Home Messages Index
[Date Prev][Date Next][Thread Prev][Thread Next]
Author IndexDate IndexThread Index

Re: Linux as an alternative for Windows for non computer people

  • Subject: Re: Linux as an alternative for Windows for non computer people
  • From: Roy Schestowitz <newsgroups@xxxxxxxxxxxxxxx>
  • Date: Thu, 09 Feb 2006 18:51:58 +0000
  • Newsgroups: comp.os.linux.advocacy
  • Organization: schestowitz.com / MCC / Manchester University
  • References: <1139508405.090285.48030@g14g2000cwa.googlegroups.com>
  • Reply-to: newsgroups@xxxxxxxxxxxxxxx
  • User-agent: KNode/0.7.2
__/ [gregjgman@xxxxxxxxx] on Thursday 09 February 2006 18:06 \__

> I'm getting ready to buy a new computer for my parents.
> They are NOT tech savvy and it's a pain for them to update antivirus
> software etc....

I feel your pain. I have to maintain my parents' computers whenever I come. I
urge them to move to Linux (albeit I fear becoming the teacher or 'support
guy'), but they are still at that earlier step, which is using Open Source
software like Firefox and Thunderbird. I installed some Web-based
applications for them too, which makes them platform-independent already.

The only issue at the moment is my little sister who plays computer games on
both computer and my older sister who works for MS-inclined IT companies. I
suppose you have none of these issues and can also sort out dual-boot,if

> I played around with Mandrake and Redhat Linux a few years ago, but it
> still seemed to require a geek to tweak it properly.

When I used Red Hat back in 2000, I too thought that Linux lagged behind
Windows in terms of ease-of-use. Fortunately (for the argument here),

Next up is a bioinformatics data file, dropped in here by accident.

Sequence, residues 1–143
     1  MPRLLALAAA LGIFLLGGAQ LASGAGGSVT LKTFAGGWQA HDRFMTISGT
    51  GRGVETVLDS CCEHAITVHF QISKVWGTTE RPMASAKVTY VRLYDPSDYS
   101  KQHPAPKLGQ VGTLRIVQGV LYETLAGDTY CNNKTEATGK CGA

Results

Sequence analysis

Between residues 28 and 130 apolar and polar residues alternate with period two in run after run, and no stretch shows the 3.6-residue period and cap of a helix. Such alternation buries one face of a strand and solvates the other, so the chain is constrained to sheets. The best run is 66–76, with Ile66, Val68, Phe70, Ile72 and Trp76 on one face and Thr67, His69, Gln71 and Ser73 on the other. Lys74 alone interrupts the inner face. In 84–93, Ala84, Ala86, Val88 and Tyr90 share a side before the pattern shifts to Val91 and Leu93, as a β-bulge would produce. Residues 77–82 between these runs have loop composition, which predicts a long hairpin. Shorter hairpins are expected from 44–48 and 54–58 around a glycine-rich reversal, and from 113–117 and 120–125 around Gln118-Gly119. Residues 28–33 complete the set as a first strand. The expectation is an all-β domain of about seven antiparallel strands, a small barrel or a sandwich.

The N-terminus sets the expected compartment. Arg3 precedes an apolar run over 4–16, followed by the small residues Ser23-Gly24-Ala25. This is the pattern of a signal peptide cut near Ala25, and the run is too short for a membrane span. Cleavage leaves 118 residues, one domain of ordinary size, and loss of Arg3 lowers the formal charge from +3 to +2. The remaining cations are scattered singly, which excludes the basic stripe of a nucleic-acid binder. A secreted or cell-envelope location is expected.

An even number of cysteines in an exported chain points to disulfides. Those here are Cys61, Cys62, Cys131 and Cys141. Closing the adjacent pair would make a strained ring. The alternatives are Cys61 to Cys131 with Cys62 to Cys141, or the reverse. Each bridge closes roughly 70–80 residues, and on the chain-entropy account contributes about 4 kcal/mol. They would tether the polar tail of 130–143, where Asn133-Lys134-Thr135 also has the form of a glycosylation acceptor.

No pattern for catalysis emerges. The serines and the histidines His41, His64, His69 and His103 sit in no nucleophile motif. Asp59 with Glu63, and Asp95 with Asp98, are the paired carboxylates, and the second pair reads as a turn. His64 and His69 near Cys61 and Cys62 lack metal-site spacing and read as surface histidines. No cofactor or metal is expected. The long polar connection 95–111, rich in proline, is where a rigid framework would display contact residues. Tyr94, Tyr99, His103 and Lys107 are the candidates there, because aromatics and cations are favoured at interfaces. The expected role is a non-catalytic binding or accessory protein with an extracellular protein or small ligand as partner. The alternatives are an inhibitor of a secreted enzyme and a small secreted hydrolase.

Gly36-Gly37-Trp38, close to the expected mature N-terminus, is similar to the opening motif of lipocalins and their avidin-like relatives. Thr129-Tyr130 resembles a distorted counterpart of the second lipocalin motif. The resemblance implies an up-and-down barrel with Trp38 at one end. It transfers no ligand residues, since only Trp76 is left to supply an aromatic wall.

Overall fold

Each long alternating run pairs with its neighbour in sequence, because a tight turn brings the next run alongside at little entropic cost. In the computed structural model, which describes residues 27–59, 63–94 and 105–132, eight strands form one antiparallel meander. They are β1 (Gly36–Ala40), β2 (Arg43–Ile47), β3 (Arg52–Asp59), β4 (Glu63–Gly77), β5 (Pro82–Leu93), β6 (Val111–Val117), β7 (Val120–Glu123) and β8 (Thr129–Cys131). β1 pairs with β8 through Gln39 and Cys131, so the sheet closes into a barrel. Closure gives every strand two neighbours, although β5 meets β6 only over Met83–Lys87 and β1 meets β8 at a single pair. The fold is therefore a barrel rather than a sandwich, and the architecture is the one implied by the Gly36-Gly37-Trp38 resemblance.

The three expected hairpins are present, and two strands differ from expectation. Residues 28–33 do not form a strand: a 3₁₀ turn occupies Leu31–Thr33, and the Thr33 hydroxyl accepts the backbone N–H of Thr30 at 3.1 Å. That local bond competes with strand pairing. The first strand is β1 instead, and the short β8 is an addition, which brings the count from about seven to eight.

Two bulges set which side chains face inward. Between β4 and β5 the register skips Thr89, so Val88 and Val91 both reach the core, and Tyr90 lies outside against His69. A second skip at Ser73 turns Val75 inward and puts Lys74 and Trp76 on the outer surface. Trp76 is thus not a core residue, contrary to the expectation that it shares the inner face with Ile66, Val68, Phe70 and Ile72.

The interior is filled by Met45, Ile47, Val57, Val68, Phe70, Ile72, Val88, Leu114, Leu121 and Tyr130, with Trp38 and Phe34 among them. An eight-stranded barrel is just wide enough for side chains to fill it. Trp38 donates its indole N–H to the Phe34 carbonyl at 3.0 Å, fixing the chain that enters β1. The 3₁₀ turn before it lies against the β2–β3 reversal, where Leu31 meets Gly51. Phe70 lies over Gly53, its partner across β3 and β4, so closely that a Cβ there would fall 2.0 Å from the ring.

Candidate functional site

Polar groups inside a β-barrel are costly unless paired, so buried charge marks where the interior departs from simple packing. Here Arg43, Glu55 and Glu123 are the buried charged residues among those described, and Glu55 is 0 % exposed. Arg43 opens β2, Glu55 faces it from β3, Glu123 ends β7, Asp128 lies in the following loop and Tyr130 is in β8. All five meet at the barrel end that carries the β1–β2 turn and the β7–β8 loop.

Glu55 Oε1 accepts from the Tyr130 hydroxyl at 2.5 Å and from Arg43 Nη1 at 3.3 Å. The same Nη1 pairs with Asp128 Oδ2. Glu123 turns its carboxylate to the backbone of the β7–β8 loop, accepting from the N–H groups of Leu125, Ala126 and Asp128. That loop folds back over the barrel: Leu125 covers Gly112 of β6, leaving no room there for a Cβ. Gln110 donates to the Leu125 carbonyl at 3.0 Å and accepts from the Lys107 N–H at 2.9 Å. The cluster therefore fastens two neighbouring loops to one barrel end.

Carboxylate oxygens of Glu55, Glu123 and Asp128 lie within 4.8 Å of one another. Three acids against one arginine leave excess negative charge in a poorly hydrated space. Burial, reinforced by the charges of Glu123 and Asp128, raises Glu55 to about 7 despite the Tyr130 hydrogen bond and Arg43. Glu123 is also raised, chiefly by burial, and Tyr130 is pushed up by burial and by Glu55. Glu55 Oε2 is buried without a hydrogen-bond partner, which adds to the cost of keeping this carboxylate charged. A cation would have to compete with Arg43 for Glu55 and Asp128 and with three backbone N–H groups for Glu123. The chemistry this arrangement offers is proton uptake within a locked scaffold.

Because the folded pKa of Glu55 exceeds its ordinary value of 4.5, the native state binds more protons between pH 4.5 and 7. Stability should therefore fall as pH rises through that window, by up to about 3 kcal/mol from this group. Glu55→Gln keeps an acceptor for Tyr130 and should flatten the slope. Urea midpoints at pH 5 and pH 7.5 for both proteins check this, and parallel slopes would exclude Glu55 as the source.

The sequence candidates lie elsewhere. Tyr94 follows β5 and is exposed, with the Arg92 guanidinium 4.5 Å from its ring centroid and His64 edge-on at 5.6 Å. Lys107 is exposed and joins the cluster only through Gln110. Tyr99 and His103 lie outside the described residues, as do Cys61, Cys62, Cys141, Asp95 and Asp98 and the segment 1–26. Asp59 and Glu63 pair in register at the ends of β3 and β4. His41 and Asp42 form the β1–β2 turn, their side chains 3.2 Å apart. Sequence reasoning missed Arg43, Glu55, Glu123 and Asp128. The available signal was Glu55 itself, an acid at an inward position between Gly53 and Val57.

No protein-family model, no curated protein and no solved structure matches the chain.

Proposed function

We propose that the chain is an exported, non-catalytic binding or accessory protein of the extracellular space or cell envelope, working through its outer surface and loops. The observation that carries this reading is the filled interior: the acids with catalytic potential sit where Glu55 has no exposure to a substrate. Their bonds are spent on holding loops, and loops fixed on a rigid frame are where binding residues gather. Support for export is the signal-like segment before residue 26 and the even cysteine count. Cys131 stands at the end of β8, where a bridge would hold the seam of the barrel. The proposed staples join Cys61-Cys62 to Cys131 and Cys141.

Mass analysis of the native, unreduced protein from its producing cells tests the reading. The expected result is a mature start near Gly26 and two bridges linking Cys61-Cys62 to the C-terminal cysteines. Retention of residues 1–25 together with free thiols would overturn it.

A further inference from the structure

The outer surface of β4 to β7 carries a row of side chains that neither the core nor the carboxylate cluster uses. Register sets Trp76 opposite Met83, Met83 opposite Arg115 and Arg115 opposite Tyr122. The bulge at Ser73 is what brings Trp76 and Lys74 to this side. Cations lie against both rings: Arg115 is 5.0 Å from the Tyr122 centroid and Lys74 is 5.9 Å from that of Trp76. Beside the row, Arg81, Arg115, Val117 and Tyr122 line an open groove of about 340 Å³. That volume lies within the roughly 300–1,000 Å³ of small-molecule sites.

Windows has made no significant progress since. It has devolved into an O/S
that requires extra skills (security-related) and is more prone to breakage.

> But the following article has inspired me to rethink my attitude
> towards Linux
> http://www.foxnews.com/story/0,2933,184234,00.html
> One advantage I would see of using Linux for my parents' computer is
> that they would be less prone to viruses correct?

Yes. See above.

> And we'd save a lot of money on getting them a computer without an OS
> loaded.

Make sure you buy from a shop or vendor that clearly separates the hardware
from the software. Find out if there are *additional* fees for Windows.
Don't let them rip you off or pocket the margin they save on the licences.

> But the issue that I ran into when setting up my dual boot with Linux a
> few years ago was back then, I was on dialup and would have needed a
> special winmodem to dial up on line with Linux.

Check what modem they have.

> My parents are still on dial-up and are not likely to be going
> broadband any time soon.

Either way, modems are not expensive in comparison with a brand-new computer.
Some Winmodems may work 'out of the box' with Linux, but I am not qualified
to comment on that further.

> Would this still be an issue today with the right distribution of
> Linux?

You could probably check the manufacturer's Web site.

> If I got them Linux and Open Office, would all of their computer needs
> be met if all they do is use it to surf and send e-mail?
> Greg

Definitely. If they ever need more, you would better ask them. Gaming is the
only drawback I can think of. Will they play Quake 3? *smile*

Best wishes,


Roy S. Schestowitz      |    GPL'd 3-D Othello: http://othellomaster.com
http://Schestowitz.com  |    SuSE Linux     |     PGP-Key: 0x74572E8E
  6:35pm  up 23 days 13:51,  11 users,  load average: 1.28, 0.92, 0.74
      http://iuron.com - Open Source knowledge engine project

[Date Prev][Date Next][Thread Prev][Thread Next]
Author IndexDate IndexThread Index